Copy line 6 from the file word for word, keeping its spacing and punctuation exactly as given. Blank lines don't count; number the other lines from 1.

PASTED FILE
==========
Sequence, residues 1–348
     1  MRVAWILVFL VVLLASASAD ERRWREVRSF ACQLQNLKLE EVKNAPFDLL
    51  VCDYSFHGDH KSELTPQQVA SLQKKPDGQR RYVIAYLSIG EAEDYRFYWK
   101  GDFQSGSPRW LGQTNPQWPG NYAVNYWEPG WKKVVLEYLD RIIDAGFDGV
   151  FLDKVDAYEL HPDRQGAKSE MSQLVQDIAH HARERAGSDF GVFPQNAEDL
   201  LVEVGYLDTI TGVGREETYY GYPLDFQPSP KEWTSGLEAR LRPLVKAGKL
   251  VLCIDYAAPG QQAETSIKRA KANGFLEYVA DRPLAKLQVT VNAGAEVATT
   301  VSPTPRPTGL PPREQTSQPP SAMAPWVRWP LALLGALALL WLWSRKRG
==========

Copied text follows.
   201  LVEVGYLDTI TGVGREETYY GYPLDFQPSP KEWTSGLEAR LRPLVKAGKL